A Week in Education
School spending continues to rise, but it is as much to do with population density and school size as with largesse. The latest official figures show that the cost of primary education rose by 1.35 per cent in real terms to pound;4,833 per pupil and of secondary education by 2.47 per cent to pound;6,665 per pupil. But contrasting rural and urban costs are reflected in the expenditure range - from pound;4,261 per primary pupil in West Lothian to pound;8,839 in the Western Isles, and from pound;5,959 per secondary pupil in West Lothian to pound;11,245 in Shetland.
School days are the best days of our lives in Scotland, it seems. Research conducted by Scottish Opinion found that more than half (53 per cent) of the 1,000 adults contacted said they still kept in contact with friends from school, a quarter of them at least once a month. The poll was part of the Government's "Just Ask" campaign, which aims to raise parents' awareness of the issues that can affect their children's education.
Edinburgh's Boroughmuir High continues to reign supreme in the consumer stakes, retaining its title as Scottish Young Consumer of the Year. In a quiz final designed to test pupils' consumer knowledge, held at the Scottish Parliament last week, the school saw off competition from Linlithgow Academy, Ayr Academy and Dingwall Academy. Boroughmuir will now compete in the UK final, which is being held in Edinburgh in June.
The Convention of Scottish Local Authorities has agreed the compromise deal on class sizes, free meals and nursery hours proposed last December by Education Secretary Michael Russell. It will allow councils to have 20 per cent of P1-3 pupils in classes of 18 or fewer, give priority for free meals for P1-3 pupils to those in deprived areas and expand pre-school provision. For the first time, an acceptable measure of smaller classes will include two teachers in a single classroom. The authorities and the Government said they would establish "appropriate and robust mechanisms and milestones" to monitor progress.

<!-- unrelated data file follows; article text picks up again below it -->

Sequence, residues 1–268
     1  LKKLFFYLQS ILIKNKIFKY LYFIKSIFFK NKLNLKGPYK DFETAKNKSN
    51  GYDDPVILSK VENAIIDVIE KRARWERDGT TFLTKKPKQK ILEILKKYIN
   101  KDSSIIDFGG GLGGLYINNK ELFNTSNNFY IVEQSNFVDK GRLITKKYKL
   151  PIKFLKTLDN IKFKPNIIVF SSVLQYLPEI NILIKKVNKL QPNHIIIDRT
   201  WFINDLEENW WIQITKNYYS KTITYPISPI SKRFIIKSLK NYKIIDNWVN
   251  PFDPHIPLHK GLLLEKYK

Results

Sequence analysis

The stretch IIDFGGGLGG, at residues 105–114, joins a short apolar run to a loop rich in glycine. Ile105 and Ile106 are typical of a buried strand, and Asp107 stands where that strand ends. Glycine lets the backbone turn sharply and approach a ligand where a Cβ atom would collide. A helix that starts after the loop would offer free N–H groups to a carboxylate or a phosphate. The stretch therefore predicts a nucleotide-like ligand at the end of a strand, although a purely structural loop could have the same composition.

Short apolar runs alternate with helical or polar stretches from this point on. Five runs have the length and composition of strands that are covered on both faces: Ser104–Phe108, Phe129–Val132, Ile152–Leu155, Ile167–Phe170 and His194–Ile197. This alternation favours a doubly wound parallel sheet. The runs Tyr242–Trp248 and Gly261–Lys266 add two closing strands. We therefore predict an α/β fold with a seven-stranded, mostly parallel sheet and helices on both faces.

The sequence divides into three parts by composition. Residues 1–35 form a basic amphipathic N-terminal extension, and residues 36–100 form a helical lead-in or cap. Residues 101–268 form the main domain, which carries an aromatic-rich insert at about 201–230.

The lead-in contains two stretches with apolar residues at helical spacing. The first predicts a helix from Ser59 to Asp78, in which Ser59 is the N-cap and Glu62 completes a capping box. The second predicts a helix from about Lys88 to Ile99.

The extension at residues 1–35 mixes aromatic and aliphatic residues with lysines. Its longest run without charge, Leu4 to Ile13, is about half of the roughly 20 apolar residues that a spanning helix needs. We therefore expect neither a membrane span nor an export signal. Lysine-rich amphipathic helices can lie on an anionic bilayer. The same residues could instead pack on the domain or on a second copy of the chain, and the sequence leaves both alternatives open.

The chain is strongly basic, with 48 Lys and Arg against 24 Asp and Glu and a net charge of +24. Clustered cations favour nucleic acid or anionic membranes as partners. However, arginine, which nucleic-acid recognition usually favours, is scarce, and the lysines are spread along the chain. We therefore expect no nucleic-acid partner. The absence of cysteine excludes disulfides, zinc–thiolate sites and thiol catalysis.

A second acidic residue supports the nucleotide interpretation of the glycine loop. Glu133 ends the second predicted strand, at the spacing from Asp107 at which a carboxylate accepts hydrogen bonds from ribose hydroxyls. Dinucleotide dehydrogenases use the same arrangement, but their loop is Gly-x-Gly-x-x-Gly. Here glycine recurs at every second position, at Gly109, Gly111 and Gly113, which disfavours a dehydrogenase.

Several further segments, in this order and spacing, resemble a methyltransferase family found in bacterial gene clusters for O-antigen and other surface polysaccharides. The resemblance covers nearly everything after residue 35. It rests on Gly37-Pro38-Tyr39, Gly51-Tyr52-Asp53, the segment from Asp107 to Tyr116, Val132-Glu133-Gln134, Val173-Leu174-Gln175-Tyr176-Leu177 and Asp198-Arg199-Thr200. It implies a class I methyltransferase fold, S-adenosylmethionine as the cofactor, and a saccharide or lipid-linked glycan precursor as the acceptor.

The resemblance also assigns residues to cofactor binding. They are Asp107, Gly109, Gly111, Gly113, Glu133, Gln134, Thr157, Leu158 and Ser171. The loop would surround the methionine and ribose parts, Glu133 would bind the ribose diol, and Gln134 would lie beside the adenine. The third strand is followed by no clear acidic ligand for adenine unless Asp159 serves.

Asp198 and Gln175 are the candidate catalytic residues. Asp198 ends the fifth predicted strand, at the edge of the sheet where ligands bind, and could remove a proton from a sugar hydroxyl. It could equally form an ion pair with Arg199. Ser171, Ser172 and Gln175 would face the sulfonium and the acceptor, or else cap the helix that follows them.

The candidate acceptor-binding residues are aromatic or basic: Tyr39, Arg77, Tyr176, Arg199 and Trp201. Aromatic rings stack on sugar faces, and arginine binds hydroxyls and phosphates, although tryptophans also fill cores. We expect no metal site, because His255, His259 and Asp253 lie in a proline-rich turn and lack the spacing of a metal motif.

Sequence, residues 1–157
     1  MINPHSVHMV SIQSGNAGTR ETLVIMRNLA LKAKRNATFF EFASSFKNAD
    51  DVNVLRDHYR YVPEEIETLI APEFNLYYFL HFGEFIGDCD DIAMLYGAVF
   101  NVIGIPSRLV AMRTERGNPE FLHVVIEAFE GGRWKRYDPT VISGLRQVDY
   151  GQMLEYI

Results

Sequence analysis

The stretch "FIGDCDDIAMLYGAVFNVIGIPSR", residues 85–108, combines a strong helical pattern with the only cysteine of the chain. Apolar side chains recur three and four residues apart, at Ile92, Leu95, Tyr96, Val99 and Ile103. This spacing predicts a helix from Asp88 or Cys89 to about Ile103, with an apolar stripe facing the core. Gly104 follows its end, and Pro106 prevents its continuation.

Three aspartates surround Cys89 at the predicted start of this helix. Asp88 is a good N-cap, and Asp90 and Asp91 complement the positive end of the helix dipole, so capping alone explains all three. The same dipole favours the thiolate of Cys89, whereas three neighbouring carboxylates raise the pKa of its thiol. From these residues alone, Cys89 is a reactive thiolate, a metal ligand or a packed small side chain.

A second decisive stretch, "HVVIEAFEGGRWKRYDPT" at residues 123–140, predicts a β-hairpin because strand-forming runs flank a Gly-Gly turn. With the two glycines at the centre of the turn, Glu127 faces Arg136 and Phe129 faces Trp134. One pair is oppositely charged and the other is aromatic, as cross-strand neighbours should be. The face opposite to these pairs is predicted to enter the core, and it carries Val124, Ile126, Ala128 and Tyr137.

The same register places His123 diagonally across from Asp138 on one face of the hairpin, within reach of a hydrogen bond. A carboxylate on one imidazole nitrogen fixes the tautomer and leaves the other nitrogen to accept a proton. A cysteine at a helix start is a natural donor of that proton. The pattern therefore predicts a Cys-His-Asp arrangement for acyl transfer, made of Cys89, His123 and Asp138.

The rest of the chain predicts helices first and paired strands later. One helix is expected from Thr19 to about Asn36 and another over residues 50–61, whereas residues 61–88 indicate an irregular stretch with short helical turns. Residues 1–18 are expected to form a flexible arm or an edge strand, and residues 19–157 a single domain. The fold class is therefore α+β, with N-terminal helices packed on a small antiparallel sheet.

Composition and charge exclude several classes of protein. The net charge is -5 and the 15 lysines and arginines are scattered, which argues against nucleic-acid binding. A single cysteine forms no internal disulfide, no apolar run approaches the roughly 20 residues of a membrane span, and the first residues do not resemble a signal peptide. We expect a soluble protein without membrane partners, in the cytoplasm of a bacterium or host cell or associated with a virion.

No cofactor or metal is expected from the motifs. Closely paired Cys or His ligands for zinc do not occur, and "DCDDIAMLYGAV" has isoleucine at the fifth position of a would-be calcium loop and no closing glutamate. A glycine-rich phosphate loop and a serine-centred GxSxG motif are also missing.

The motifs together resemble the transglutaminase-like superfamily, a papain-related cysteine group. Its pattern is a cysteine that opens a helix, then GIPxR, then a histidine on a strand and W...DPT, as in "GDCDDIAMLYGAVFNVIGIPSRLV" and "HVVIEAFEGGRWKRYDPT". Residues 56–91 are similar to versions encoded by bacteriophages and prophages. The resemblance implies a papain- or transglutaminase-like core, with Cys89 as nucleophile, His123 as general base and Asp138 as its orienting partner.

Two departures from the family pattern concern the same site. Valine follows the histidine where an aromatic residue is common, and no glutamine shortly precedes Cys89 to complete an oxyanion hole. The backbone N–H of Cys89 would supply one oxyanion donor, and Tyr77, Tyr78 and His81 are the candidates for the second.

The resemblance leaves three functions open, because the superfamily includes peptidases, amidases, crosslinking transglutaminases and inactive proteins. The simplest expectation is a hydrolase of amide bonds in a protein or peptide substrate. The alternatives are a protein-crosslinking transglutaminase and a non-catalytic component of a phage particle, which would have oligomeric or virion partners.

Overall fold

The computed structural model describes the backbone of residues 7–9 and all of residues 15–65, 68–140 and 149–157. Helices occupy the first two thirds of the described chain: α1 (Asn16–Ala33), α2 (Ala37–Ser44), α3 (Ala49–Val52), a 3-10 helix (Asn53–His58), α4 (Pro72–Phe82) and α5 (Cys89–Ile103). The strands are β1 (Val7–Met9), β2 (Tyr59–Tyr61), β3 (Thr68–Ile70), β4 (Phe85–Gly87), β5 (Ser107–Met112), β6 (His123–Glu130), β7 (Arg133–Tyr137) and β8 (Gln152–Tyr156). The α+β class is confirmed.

A new programme from Dundee United FC and Dundee City Council will see up to 12 elite young football players become S1 pupils at St John's High this August. Dundee United chairman Stephen Thompson said he hoped the scheme would produce good role models capable of handling the pressures of a leading football club.
Edinburgh-based Bright Red Publishing was declared Education Publisher of the Year at the Independent Publishing Awards, held last Saturday at Old Windsor. Although it has been in business for less than two years, it was the only Scottish company shortlisted. It won recognition for landing the contract with the Scottish Qualifications Authority to publish past exam papers and for its "student-friendly" books published in a range of subjects.
The Scottish Qualifications Authority has announced the development of an app which students can download free from i-Tunes to build their own personal exam timetable on their mobile phone. Around 1,500 students have taken advantage of this at-a-glance facility, which also includes information and resources to help them prepare for their exams. The 2010 exams begin on April 28.
Primary education spending per pupil: pound;4,833 - up 1.35%.